How to fix the Emacs Mac Port for multi-tty access

Introduction to the Emacs Mac Port

The Emacs Mac Port is an excellent distribution of Emacs which greatly improves Emacs’ functionality on macOS. It adds native GUI support which provides a slew of nice features. It’s developed and maintained by Mitsuharu Yamamoto and it regularly pulls changes from GNU Emacs proper, thus staying up-to-date with it. I’ve written a fuller article here which provides a general introduction to the Emacs Mac Port and why I like it.

The bug

Unfortunately, one significant problem I came across when I began to use this fork of Emacs was its lack of support for multi-tty access. This feature is very useful when connecting to my computer via SSH because it allows me to access my running Emacs session. In other words, multi-tty access lets me SSH into my computer and access all my files and buffers in an Emacs terminal frame. FYI, for those unfamiliar with Emacs, “frame” is parlance for what is normally called a window. I don’t know how many other people make use of this feature, but I’ve found it extremely nifty for a long time.

Once I got used to this feature, not having it in the Emacs Mac Port became vexing. So, I submitted a pull request which added support for this feature. My pull request can be seen here. I would like to summarize each patch in my pull request to document them for my own sake and for others’ enrichment, in case anyone wants to help work on this.

How I fixed the bug

  1. The first patch involved Lisp code in server.el (specifically in server-process-filter) which stopped multi-tty from working on both Windows and the Emacs Mac Port. I removed the code which stopped it from working on the Emacs Mac Port. This code would have only served to block the underlying fix from working.

  2. The second patch involved #ifdef statements in frame.c (specifically in make-terminal-frame) which essentially did the same thing in C (but at compile-time instead of run-time).

  3. The final patch was the one which actually fixed the problem in macterm.c (specifically in mac_mouse_position). This function was in charge of returning the current position of the mouse. The way it was written caused any attempt at multi-tty access to crash the whole Emacs server, because the bug occurred at the C level. You see, since the Emacs Mac Port expects to be working with either graphical frames or terminal frames (but not both), it did not know how to get the mouse position from the terminal frame because it expected to be working with graphical frames only. In order to fix the problem, all I had to do was make a variable called sf which would yield the selected frame and then make sure that when attempting to fetch the mouse position from a given frame, it would ensure that the selected frame was not a terminal frame.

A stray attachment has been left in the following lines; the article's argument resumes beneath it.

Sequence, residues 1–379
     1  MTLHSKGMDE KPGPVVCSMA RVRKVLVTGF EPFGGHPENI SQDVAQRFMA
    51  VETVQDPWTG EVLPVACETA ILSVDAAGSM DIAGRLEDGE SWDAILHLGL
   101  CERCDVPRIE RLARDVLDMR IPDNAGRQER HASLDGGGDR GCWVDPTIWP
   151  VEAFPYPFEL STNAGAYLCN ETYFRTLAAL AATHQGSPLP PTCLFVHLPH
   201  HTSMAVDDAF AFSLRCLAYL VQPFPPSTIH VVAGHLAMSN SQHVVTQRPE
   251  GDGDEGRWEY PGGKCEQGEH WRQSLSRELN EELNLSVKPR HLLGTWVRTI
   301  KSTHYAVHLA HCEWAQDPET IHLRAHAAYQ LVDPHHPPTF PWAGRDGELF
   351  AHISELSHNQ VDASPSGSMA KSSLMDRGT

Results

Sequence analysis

And that’s all there was to it! I have been happily using multi-tty access in the Emacs Mac Port by applying these patches and compiling Emacs myself.

Please note that I’ve only been using this fix on Emacs 26.1, Mac Port 7.4. I don’t yet know whether it will work on 26.2, but I’ll update the article when I get around to it.

UPDATE: I’ve now tested this fix on Emacs 26.2, Mac Port 7.6 which is the most recent stable version at this time. It still works fine. Note to self: read this article if you have compilation errors which say something like:

unexec: not enough room for load commands for new __DATA segments (increase headerpad_extra in to at least 1488)

For now, if you’d like to apply this fix yourself, try the following instructions:

$ git clone
$ cd emacs-mac
$ git checkout emacs-26.2-mac-7.6
$ wget -O patch1.diff
$ wget -O patch2.diff
$ git apply patch1.diff patch2.diff

Then compile & install Emacs with your favorite configuration options. I personally prefer this little ditty (simple, but good enough for the Mac Port):

$ ./configure --with-modules --enable-mac-app --prefix=/Applications/ && make install

Why hasn’t it been merged yet?

Unfortunately, my fix hasn’t been merged with the Emacs Mac Port yet because there is a bug which exists on both the NS Port and the Emacs Mac Port regarding multi-tty. In the words of the NS Port maintainer, Alan Third:

[…] if you do this on the NS port [or on the Mac Port]:


Open GUI instance

start server

run ‘emacsclient -t’ in the terminal

close GUI frame


You can’t open a new GUI frame, even though the GUI instance with the server is still running. You can see it in the dock, and access the menus, but I can’t find any way to create a new frame.

Fortunately, there is a nice package which works around this bug. But in order for Mitsuharu Yamamoto to merge my changes into the Emacs Mac Port, he wanted this package to be merged into GNU Emacs proper rather than merging it into the Mac Port which could add an extra maintenance burden for him. Therefore, I went to the emacs-devel mailing list and proposed merging this package into GNU Emacs. But since then, life has gotten in the way and I have not advanced on this issue for about a year.

I also had concerns in the past about whether I would need to sign FSF copyright papers in order to get my work into GNU Emacs. However, if I recall correctly, Richard Stallman said to me that I could also put my work in the public domain for each individual contribution I made to Emacs. Still, life plus this concern has kept me from completing the proper fix for this issue and I wanted to document it in case I don’t work on it for another year. Hopefully this isn’t the case, but there’s no harm in dumping my thoughts before I forget what the heck I was doing.